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|Title:||Large celestine orebodies formed by early-diagenetic replacement of gypsified stromatolites (Upper Miocene, Montevive–Escúzar deposit, Granada Basin, Spain|
|Citation:||Garcia-Veigas, J., Rosell, L., Cendon, D. I., Gibert, L., Martín, J. M., Torres-Ruiz, J., & Ortí, F. (2015). Large celestine orebodies formed by early-diagenetic replacement of gypsified stromatolites (Upper Miocene, Montevive-Escuzar deposit, Granada Basin, Spain). Ore Geology Reviews, 64, 187-199. doi:10.1016/j.oregeorev.2014.07.009|
|Abstract:||The Montevive and the Escúzar stratabound celestine orebodies in the Upper Miocene evaporite succession of the intramontane Granada Basin (Spain) constitute one of the largest strontium deposits in the world. Celestine occurs within a gypsum/anhydrite–halite evaporite sequence where it replaces gypsum and gypsified stromatolites preserving carbonate peloids. 87Sr/86Sr and δ34S values in the Montevive celestine deposit are close to those reported for the saline unit (Chimeneas Halite; marine to nonmarine) but higher than those of the overlying gypsum unit (Agrón Gypsum; nonmarine). 87Sr/86Sr and δ34S isotope values in the Escúzar celestine deposit match the nonmarine values recorded in the upper part of the Agrón Gypsum. The similarity in isotope values between celestine and the corresponding gypsum host in the Escúzar deposit points to early-diagenetic mineralization. According to that, both orebodies are diachronous. Gypsum pseudomorphs and molds, intraformational breccias and karst structures in these celestine deposits point to dissolved gypsum as the main sulfate source. Diagenetic–hydrothermal CaCl2 brines are interpreted to be the main strontium source. The spatial relationship between gypsified stromatolites and the ore deposits suggests the existence of coeval thermal springs related to fractures, bordering the saline lake. The proposed model envisages gypsum dissolution by SO42 −-poor and Sr2 +-rich, CaCl2 diagenetic–hydrothermal water discharging in coastal ponds at times of dry periods and low meteoric water inflow. The increase in SO42 − concentration by gypsum dissolution and the low solubility of SrSO4 would lead to celestine precipitation replacing gypsum and gypsified stromatolites. © 2014 Elsevier B.V.|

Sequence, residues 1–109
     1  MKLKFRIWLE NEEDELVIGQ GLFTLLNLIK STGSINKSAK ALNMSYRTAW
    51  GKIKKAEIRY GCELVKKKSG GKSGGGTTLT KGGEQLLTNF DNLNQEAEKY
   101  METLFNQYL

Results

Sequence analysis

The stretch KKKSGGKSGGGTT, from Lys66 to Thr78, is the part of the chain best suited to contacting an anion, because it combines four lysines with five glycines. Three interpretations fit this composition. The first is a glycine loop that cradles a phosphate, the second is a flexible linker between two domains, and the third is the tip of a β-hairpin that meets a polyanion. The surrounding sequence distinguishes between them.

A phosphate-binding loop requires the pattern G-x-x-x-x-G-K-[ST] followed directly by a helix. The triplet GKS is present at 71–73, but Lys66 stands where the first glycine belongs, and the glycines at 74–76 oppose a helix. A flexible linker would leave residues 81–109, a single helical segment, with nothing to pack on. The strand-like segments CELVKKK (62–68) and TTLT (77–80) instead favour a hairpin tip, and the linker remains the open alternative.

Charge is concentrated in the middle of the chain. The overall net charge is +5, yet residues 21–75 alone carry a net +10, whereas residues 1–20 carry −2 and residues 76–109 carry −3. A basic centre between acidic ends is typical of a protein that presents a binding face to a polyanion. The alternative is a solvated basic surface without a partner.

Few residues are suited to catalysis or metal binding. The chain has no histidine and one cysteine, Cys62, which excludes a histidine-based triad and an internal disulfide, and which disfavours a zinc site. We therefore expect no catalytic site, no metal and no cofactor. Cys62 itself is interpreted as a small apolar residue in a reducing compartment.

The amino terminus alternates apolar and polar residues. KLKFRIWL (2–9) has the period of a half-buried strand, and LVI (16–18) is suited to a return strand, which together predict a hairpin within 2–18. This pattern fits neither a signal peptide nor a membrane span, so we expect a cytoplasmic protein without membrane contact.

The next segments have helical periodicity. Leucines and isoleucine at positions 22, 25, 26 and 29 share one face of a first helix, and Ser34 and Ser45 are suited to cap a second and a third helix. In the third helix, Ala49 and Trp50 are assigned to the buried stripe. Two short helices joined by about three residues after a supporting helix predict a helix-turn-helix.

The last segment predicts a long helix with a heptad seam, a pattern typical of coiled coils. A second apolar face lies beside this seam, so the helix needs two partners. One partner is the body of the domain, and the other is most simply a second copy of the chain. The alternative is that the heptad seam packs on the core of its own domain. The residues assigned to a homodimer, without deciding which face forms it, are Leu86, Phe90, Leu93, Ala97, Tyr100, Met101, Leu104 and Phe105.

|Gov't Doc #:||6940|
|Appears in Collections:||Journal Articles|
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